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  5. "Mẫu giáo"

"Mẫu giáo"

Translation:The kindergarten

April 24, 2016



I put 'the nursery' and it was incorrect..?


They tend to skip a lot of synonyms, unfortunately. Just report it to them for inclusion.


Does nursery mean kindergarten somewhere in the world? Kindergarten in this case means the institution where children go to start their education and transition from home to school. Didn't know that meant nursery elsewhere. Actually didn't know nursery was used anywhere outside very posh homes, either.


Nursery in the UK is a word for a so called 'kindergarden' in the US.


Just nursery? Thought the school portion was a necessity (as in nursery school).

Sorry for the questions. Am generally always interested in differences in usage between countries that use the same language.


Oh, I understand now. Sorry, I've always traditionally called it just 'Nursery', the proper way to say it would be 'Nursery school' but British people often shorten it to 'Nursery'. We sometimes also call it play-group or pre-school, which is exactly the same thing.


In the US, preschool is more intense than nursery school. You could actually be tracing alphabet letters, while nursery school is more about interacting with other children and just singing the alphabet song. Kindergarten is actually now a required part of school in which reading and writing is learned. The curriculum all dropped down one year. So what I learned in 1st grade, they learn now in Kindergarten in California.


I am wondering what the difference is between "mẫu giáo" and "trường mầm non"? Is mẫu giáo an earlier stage of education than mầm non? Or do they have the same meaning but are used in a different way?


Trường mầm non = trường mẫu giáo = nhà trẻ = nhà giữ trẻ.

Source: https://vi.wikipedia.org/wiki/Nh%C3%A0_tr%E1%BA%BB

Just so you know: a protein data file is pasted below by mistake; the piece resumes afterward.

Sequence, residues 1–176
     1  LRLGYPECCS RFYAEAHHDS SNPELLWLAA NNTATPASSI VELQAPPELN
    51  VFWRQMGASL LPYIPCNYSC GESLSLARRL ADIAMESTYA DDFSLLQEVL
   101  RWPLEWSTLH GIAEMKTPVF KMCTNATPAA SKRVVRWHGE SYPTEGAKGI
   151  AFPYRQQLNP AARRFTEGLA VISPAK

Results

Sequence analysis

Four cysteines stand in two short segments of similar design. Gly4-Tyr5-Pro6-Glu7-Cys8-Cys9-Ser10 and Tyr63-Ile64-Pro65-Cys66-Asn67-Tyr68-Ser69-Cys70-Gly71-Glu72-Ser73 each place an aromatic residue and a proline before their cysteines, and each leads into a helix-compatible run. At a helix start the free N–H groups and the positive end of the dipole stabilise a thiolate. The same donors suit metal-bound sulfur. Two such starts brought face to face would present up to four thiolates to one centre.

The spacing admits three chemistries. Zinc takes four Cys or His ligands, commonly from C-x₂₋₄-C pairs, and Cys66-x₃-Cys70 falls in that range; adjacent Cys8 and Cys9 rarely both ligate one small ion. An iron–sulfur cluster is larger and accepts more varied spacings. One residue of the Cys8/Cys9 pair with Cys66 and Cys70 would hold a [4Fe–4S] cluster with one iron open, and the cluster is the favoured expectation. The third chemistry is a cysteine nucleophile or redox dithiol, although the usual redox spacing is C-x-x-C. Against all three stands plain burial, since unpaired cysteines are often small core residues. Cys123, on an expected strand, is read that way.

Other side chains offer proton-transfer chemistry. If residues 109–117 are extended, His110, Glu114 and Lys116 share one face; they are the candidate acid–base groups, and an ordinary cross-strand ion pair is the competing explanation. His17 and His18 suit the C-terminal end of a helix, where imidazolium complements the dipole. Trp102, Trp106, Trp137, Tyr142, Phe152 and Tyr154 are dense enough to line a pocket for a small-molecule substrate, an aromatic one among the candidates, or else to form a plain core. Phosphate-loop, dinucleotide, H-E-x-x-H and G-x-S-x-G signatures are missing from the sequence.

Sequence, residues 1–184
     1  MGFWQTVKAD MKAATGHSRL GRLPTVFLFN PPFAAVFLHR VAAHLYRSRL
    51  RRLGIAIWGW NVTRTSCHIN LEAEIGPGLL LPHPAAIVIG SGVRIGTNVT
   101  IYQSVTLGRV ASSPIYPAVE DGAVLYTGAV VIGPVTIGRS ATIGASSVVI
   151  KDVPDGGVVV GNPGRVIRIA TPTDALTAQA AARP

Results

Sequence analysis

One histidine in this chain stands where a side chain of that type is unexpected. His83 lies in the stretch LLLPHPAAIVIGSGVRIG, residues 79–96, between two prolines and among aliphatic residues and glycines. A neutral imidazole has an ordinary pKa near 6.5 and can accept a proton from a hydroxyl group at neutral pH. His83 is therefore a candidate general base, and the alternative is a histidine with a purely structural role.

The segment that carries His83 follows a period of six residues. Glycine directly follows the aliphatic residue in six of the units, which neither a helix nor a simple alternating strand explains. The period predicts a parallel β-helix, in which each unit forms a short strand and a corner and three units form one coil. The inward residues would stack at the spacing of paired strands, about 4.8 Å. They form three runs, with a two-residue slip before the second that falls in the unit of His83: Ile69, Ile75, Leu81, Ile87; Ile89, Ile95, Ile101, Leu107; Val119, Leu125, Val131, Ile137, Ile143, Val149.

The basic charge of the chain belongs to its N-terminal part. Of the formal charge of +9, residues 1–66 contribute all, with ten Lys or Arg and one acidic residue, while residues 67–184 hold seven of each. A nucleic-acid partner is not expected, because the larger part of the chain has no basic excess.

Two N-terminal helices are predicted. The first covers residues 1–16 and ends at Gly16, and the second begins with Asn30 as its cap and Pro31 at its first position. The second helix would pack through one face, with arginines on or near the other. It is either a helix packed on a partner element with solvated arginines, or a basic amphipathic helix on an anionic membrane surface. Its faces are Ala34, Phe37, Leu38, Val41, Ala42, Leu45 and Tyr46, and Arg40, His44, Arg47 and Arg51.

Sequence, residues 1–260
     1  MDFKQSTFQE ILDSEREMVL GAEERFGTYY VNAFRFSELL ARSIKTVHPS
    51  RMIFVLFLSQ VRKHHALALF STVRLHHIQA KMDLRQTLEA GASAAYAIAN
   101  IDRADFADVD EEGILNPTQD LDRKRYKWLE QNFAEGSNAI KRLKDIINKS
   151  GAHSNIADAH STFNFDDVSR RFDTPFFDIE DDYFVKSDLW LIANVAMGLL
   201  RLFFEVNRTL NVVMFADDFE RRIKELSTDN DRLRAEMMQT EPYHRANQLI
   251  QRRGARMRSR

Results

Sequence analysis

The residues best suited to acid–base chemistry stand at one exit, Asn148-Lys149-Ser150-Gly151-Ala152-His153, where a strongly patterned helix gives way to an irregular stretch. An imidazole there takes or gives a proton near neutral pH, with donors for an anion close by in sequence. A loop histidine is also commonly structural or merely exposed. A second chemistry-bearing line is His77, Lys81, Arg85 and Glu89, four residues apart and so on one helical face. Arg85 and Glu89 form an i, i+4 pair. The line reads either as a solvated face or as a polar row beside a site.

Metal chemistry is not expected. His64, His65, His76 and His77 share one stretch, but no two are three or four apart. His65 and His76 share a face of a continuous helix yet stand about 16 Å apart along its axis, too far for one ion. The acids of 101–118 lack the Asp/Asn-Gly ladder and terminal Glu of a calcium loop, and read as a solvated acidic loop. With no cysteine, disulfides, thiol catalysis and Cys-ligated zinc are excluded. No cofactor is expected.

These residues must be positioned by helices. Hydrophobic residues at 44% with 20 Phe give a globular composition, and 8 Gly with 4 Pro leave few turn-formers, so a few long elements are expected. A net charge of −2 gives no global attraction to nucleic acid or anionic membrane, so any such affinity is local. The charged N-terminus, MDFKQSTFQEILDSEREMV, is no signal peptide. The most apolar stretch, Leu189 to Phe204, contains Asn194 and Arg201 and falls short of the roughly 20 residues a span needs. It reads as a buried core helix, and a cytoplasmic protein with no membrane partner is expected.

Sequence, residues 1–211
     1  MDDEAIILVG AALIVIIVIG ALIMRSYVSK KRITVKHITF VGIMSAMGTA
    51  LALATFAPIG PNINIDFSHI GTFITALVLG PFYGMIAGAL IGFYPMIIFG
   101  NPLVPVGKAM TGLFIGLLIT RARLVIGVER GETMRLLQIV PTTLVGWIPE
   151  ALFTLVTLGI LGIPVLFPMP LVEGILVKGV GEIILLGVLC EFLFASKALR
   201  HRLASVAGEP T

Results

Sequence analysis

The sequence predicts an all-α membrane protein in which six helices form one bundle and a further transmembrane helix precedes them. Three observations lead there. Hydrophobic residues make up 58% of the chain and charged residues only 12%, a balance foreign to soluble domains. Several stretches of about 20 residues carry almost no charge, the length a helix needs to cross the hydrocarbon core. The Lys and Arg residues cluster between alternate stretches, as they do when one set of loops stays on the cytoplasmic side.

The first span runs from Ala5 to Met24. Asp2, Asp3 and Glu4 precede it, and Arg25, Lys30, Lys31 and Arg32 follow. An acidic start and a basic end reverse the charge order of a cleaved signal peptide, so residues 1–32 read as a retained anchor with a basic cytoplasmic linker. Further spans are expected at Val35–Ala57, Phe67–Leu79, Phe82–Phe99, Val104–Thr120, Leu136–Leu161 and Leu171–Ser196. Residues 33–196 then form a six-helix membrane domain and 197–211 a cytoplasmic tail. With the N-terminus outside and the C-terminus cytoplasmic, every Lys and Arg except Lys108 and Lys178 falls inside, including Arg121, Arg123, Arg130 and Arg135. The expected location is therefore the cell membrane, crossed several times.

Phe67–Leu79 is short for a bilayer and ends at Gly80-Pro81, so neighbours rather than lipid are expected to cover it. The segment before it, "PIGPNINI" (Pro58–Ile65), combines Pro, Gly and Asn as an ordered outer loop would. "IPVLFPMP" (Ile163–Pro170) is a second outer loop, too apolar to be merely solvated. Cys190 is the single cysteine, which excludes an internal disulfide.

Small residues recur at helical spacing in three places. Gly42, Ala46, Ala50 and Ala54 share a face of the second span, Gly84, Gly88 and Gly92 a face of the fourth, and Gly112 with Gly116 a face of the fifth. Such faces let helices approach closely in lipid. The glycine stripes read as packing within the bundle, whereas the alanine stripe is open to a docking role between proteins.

so which ones are actually used? I only recall seeing mam non in HCMC but that could be because I don't pay that much attention to pre-schools


Trường mầm non and trường mẫu giáo are used the most. It really depends whether founders of a pre-school decide which name they want to use for it. Around my place, there are Mầm non HOA SEN (LOTUS) and Mẫu giáo HOA HỒNG (ROSE). Some small private kindergartens use Nhà trẻ for their name: Nhà trẻ KIM HOA (a person's name)


When I translated the page though, the English versions have different meanings. Nursery school and preschool in the USA is before Kindergarten. Day care provides the least learning although some do provide classes during the day while they take care of the children for people who work. Kindergarten is provided at the school site now and is required in many places. It is the last year before regular school. In California, they now learn to read and write and do arithmetic in Kindergarten when previously that didn't start until the following year. They do so much now that children who have not gone to preschool prior to Kindergarten actually have a hard time.


mẫu giáo= trường mầm non, don't diference


I have a hard time hearing the difference between mỗ and mẫu. is there a difference? or do I just need to memorize the spelling for this?


mổ http://forvo.com/word/m%E1%BB%95/#vi

mẫu http://forvo.com/word/m%E1%BA%ABu/#vi

I actually think the mẫu pronunciation isn't terribly good, but it's good enough to serve as a differentiator. The two words should sound different, so it might just be a case of needing to train your ear.


yeah, see those two recordings are clearly different. I pronounce them like that. Though even talking to various vietnamese here where I live, there seems to be notable variation on how some of the vowels are pronounced. For example, I have heard ngũ pronounced [ngũ] and [ngôũ] where there is a small o or ơ inserted before the vowel. Is this left over from the consonant ngờ ?


Yeah, I don't know where the pronunciation you're talking about comes from. The old capital or there-ish, I think? It's definitely a dialect thing, as opposed to just a random odd pronunciation. I pronounce it that way if I'm being particularly obnoxious, but I'm not sure where I picked it from.


yay for dialect variation.... :P . but i guess that is the same issue that somebody trying to learn english comes across when they meet british, canadian, northern and southern Americans and all those other unique variations they have in the USA.


I would pronounce ô as /o/ in Spanish (yo, como) and âu as /oʊ/ in American English (so, though).


:) that really depends on where in the US that american is from. But you gave phonetics so I can tell what you mean.


Sorry if I have confused you because I don't really know how to explain it with my poor English. ; ( You may watch some Youtube videos about how to pronounce Vietnamese consonants and vowels to get the idea. Cheers! ; )


Wiktionary says the words come from the chữ nôm "母教", which I suspect to be a calque of French's "école maternelle".



<mẫu giáo> means something like mother's nurture/mother's teaching


Tôi đã đi mẫu giáo


Kindergarten is a german word the english spelling is kindergarden

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